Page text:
6. First I would explain why it was slow if indeed it was slow. Most of the time this is for SAFETY of the group when you’re riding in particular areas of town or county. Second explain it was for SAFETY. People that ride these days are experiencing group riding for the first time. They don’t get the whole “Ladder of Risk” and what you as a Road Captain are doing to prevent anyone from having a bad day. Smaller groups are easy to manage, try leading 50 riders without a police escort and still have people tell you, GREAT RIDE! May sound unbelievable but it happened. Rides of March 2006

  7. I’m leading 29 motorycles on a 6 hour trip to Mansfield, PA this week. Weather is calling for scattered thunderstorms. We are taking farm roads through Pennsylvania Dutch country until we hit Rt 15 north of Harrisburg. Any special advice regarding leading a group this size in this kind of weather?

  8. If someone complains about riding too slow, tell them to ride up ahead, and not to wait up for you. You shouldn’t have to explain safety to complainers. A club is not supposed to be one big happy world that dumbs itself down to the biggest idiot. Whoever is in charge of your chapter needs exercise his/her leadership skills, and just give that person a few four letter words, and make sure they never want to come back. Otherwise, you’re gonna have to put up with that crap everytime you ride.

    As for leading 29 motorcycles through a thunder storm, it’s no different than leading 29 motorcycles under bright sunshine, except you ride slower on the wet roads. Each rider is responsible for their own fun and safety. If you’re really worried about it, send out a couple of scouts about 1-2 hours ahead of the main group. Let them phone you and leave a voice mail regarding the road conditions and weather up ahead.

  9. Steve, you sound hard core. Surely the “true” definition of a biker.
    Your comment above is one of the many reasons I do my own thing and don’t associate with chapters or clubs.
    I tired of the juvenile attitudes and back stabbing associated with these “Social Riding Clubs”.

    The disregard you would have for someone because they had a question tells me your people skills are lacking. I’m not saying your have to bow down and kiss their ass every time some complains but at least give them the benefit of the doubt before disrespecting them.

    As I said in my earlier post, most riders today are experiencing motorcycles for the first time and group riding is new to them. Changing lanes as a solo rider is no problem, changing lanes with group behind you is another thing all together. This is a topic you could discuss in your pre-ride. The most effective way to change a lane is to communicate to your Sweep prior to the ride. Let him/her know when you signal to change lanes you want them to move over first to capture the lane for the rest of the pack. Each motorcycle ahead of the sweep will move over until the last one “The Lead” is in position. This scenario doesn’t usually work if you’re in a congested area unless you have a Sweep that’s on his/her toes.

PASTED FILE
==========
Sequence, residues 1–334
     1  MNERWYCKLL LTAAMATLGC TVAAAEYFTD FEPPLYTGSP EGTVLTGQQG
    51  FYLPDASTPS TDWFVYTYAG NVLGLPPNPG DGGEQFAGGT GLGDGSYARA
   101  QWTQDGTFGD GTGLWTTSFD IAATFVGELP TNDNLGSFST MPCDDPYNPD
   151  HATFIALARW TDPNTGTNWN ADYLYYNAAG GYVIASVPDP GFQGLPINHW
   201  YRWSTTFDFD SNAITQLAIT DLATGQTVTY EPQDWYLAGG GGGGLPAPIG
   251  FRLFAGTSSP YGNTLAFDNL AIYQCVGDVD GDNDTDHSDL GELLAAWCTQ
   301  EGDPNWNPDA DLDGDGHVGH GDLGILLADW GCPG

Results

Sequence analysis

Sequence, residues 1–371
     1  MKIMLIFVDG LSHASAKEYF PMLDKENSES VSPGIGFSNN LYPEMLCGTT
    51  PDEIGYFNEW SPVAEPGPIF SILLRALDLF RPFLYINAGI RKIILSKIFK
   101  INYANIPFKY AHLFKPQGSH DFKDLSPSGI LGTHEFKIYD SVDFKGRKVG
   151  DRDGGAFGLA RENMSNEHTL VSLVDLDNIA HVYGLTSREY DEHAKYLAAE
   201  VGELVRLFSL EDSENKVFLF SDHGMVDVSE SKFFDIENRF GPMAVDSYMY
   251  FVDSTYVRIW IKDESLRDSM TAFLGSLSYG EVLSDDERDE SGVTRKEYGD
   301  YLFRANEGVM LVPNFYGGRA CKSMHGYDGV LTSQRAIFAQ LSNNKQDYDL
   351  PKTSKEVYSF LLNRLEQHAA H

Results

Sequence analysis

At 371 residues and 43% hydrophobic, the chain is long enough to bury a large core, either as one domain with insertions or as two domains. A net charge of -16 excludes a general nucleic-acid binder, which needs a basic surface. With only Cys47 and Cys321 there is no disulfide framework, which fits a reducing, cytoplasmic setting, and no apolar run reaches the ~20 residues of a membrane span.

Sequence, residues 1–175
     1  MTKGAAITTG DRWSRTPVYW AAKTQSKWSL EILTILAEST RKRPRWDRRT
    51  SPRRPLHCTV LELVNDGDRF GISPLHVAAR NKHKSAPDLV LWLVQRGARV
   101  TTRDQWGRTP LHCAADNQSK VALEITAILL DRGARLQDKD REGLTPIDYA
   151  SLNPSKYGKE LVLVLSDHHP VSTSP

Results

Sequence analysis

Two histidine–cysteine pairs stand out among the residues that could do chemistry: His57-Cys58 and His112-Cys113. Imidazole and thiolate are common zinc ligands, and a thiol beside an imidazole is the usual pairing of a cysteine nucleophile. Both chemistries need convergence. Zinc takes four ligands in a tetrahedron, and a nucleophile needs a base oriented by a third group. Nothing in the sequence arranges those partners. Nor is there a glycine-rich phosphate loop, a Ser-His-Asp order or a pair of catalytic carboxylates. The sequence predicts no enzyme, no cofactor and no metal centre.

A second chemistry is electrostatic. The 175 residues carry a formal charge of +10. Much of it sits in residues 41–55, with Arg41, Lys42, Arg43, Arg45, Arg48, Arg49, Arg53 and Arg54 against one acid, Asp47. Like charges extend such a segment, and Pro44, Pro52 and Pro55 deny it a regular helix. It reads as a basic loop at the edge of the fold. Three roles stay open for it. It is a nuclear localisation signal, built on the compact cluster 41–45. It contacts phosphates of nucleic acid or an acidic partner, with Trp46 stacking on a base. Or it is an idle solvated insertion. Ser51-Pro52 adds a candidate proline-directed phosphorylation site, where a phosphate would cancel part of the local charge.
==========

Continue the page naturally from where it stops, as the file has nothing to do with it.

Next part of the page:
As far the as the too fast or to slow. Group riding is that “GROUP”. Each person in the group should respect the distance between each rider.
    Maintain 2 seconds from the rider in front of you and 1 second from the next rider in staggered formation.
    The best thing a Head Road Captain can do is get some time on the agenda at one on of the “Free Food” functions and explain group riding to your club or chapter. You will be surprised at how many people have no idea but they’re too afraid to ask questions because they don’t want to look like a “lesser biker” to the group.

    I try to educate people before I discount them. You’ll find if you take this approach you’ll have an average of 15-20 people showing up to everyone of your rides.

  10. Jay,

    As far as your trip and the weather. Have a plan prior to leaving and explain it to the group prior to departure.
    If you’re traveling narrow 2 lane roads and it’s raining and forming puddles in the road, call the group into single file and have them space out 2 seconds apart.
    know the riding abilities of your group prior to leaving. Most of these people are your friends so the four letter tongue lashing probably isn’t a very good idea.
    Keep the group together if you’re worried about weather. The two “Scouts” you send two hours ahead could be riding into the sunshine while the rest of the group is getting hammered by the weather and has to pull over.

    I grew up in Washington State. I lived there 30 years before moving to Delaware. I never saw it rain so freaking hard until I moved to Delaware. East Coast showers are a little different than West Coast showers.

    Worse yet is Montana, Wyoming and the Black Hills area of South Dakata. Hail the size of marbles!